Abstract

Deep saline aquifer is deemed as an effective and promising site for carbon sequestration. A geological storage site must be operated safely; however, CO2 may leak through several pathways, such as fractures, faults and/or improperly plugged wells.

This study presents a new analytical model predicting the pressure change in the monitoring well and the leakage rate, caused by an inclined fracture in the caprock, to detect and evaluate the leakage. Distinct with previous analytical method, herein we propose a new case of the leakage through the inclined fracture in a closed aquifer system, which expands on earlier work to a wider application. The solutions for the injection at a constant rate and the time-dependent leakage through an inclined fracture of caprock are derived with Laplace transform, Fourier cosine transform and Duhamel's principle. Then, by means of the superposition method, the pressure change and the leakage rate with both of the two processes are determined in succession. Based on the above solutions, we discuss the effect of the leakage path and the boundary of the aquifer on the system.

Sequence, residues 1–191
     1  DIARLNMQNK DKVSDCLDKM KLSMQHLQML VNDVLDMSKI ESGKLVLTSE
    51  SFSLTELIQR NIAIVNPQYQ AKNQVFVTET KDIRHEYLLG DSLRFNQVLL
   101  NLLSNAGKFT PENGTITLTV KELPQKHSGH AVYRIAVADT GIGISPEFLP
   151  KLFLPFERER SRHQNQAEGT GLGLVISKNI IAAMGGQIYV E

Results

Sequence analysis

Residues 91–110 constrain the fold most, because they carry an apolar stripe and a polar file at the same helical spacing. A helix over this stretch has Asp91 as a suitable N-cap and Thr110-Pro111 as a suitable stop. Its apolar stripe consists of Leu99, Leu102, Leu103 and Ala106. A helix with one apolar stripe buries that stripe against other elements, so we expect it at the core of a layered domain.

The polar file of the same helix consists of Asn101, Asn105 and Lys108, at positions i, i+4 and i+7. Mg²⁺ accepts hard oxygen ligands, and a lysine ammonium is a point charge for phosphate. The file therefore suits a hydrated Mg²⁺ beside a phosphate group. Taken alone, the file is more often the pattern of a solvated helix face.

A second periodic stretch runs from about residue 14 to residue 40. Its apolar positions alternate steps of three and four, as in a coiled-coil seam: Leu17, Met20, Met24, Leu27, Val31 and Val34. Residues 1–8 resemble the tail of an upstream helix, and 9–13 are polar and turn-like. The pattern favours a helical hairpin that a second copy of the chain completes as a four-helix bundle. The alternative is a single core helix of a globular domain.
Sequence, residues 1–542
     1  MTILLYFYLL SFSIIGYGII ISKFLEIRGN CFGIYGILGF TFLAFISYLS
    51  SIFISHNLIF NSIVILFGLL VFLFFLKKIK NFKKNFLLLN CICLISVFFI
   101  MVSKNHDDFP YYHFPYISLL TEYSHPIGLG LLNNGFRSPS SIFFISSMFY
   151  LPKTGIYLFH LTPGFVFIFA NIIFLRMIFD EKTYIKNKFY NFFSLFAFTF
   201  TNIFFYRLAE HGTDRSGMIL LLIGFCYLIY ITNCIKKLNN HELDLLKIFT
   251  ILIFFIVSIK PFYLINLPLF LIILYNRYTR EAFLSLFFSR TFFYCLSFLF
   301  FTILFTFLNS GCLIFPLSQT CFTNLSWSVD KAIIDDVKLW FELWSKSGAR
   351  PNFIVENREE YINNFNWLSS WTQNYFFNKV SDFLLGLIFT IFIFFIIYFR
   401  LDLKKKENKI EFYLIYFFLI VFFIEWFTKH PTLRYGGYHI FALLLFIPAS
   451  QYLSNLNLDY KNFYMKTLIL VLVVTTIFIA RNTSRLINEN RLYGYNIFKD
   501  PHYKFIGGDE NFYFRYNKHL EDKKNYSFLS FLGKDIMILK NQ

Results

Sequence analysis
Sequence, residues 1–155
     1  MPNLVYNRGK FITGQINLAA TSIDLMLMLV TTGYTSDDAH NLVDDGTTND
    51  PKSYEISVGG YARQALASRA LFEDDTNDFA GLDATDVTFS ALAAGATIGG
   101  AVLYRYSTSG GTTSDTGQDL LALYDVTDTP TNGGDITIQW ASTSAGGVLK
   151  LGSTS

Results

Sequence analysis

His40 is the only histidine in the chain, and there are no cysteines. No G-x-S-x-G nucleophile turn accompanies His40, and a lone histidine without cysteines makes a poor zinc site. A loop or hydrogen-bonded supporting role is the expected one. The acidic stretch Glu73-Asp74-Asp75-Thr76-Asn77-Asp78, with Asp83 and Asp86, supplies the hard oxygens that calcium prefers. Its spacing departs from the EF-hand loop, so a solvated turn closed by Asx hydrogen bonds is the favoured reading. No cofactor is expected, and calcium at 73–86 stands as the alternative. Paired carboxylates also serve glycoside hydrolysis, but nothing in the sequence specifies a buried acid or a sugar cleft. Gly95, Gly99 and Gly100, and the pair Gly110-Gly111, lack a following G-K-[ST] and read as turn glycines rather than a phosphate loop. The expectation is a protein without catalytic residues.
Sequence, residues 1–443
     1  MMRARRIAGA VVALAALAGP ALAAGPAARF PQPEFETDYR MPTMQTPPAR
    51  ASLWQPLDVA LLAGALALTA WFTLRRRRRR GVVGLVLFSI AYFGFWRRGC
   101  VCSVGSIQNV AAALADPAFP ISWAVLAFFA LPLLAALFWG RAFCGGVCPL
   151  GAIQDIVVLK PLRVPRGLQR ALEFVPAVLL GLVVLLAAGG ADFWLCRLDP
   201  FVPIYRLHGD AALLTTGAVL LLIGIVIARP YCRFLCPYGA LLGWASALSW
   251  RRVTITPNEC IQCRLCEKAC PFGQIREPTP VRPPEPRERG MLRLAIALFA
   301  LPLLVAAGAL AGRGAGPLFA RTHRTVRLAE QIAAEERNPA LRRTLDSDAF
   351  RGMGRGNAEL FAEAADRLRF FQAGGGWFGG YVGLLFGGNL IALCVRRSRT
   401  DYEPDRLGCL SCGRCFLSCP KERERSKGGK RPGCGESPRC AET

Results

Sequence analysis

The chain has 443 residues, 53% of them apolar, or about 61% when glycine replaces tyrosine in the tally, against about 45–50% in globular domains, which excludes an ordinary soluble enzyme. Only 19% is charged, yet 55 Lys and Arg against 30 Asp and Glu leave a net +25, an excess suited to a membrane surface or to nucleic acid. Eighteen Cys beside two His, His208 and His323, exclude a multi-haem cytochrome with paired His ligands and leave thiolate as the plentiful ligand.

At the early stage, the leakage rate increases more rapidly with the smaller radius of the aquifer. Moreover, in the smaller aquifer, the rapid pressure transient results in that the system quickly reach the stable stage. The effect of the inclined fracture on the system is embodied in its permeability, location and angle. With higher permeability the leakage rate increases more quickly at early stage and reaches the constant value more quickly at late‐time stable stage. The fracture has slight impact on the leakage in the long term. Location of fracture does not affect the leakage rate at rapid increase stage. Leakage rate is larger and increases with smaller distance at transitional stage. With the increase of angle, leakage rate increases at all three stages. At the late‐time stage, the larger the angle is, the larger the leakage rate is.

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